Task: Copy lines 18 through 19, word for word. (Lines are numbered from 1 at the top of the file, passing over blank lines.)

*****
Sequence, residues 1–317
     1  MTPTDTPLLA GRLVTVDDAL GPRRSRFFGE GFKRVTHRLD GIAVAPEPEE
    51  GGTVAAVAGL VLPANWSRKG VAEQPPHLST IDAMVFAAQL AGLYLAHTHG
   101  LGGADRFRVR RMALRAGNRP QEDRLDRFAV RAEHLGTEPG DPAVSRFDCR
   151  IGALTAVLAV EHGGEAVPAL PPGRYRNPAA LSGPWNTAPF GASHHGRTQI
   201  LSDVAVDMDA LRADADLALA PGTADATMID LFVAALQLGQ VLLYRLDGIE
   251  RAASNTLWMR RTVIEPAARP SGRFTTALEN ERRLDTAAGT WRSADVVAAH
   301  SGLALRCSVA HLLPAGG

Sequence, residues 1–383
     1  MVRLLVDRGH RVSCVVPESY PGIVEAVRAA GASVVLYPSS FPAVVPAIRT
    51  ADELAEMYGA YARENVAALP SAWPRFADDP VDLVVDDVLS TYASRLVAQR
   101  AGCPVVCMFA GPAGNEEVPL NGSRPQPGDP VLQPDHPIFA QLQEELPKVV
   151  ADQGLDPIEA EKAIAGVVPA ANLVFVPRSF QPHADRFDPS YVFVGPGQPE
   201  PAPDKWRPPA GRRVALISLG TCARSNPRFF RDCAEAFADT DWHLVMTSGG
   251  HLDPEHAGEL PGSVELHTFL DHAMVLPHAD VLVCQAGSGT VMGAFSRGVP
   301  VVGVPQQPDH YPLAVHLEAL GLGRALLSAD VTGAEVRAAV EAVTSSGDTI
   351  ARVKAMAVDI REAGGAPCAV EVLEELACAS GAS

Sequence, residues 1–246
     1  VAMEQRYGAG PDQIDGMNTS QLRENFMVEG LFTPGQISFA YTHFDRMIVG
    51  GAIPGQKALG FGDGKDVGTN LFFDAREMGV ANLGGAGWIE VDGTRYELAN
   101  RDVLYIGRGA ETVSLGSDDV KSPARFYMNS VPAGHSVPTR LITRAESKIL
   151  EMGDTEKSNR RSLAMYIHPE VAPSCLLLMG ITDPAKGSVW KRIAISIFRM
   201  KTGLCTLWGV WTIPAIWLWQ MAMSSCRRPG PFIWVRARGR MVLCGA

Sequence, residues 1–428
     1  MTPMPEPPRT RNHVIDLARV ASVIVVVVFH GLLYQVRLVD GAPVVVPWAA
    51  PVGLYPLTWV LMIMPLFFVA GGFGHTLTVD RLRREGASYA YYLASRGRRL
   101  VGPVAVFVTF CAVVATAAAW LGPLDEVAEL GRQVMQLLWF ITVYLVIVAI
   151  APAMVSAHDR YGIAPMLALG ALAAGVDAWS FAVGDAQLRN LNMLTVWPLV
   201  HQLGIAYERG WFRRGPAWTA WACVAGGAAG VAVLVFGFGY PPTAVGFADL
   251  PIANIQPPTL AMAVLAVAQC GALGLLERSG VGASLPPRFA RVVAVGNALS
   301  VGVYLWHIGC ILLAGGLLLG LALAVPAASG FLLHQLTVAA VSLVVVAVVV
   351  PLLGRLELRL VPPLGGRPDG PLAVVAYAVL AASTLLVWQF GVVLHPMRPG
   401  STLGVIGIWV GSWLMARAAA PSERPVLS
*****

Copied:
Sequence, residues 1–246
     1  VAMEQRYGAG PDQIDGMNTS QLRENFMVEG LFTPGQISFA YTHFDRMIVG